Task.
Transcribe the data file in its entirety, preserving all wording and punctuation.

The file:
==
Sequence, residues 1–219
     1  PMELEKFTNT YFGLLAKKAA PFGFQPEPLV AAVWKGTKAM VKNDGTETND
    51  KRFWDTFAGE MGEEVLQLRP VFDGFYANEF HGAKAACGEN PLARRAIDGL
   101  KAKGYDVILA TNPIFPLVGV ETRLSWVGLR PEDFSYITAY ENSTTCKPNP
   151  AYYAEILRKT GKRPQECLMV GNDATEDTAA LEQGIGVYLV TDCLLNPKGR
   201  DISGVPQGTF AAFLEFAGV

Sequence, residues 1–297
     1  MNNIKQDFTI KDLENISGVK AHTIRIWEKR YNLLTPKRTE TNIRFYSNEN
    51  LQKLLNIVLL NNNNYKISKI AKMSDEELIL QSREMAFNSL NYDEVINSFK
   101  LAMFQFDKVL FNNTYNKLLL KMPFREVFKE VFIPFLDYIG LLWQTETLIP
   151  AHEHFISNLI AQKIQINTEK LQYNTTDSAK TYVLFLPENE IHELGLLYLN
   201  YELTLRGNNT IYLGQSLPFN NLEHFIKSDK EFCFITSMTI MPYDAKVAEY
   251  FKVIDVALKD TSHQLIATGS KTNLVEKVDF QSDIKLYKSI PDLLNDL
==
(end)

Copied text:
Sequence, residues 1–219
     1  PMELEKFTNT YFGLLAKKAA PFGFQPEPLV AAVWKGTKAM VKNDGTETND
    51  KRFWDTFAGE MGEEVLQLRP VFDGFYANEF HGAKAACGEN PLARRAIDGL
   101  KAKGYDVILA TNPIFPLVGV ETRLSWVGLR PEDFSYITAY ENSTTCKPNP
   151  AYYAEILRKT GKRPQECLMV GNDATEDTAA LEQGIGVYLV TDCLLNPKGR
   201  DISGVPQGTF AAFLEFAGV

Sequence, residues 1–297
     1  MNNIKQDFTI KDLENISGVK AHTIRIWEKR YNLLTPKRTE TNIRFYSNEN
    51  LQKLLNIVLL NNNNYKISKI AKMSDEELIL QSREMAFNSL NYDEVINSFK
   101  LAMFQFDKVL FNNTYNKLLL KMPFREVFKE VFIPFLDYIG LLWQTETLIP
   151  AHEHFISNLI AQKIQINTEK LQYNTTDSAK TYVLFLPENE IHELGLLYLN
   201  YELTLRGNNT IYLGQSLPFN NLEHFIKSDK EFCFITSMTI MPYDAKVAEY
   251  FKVIDVALKD TSHQLIATGS KTNLVEKVDF QSDIKLYKSI PDLLNDL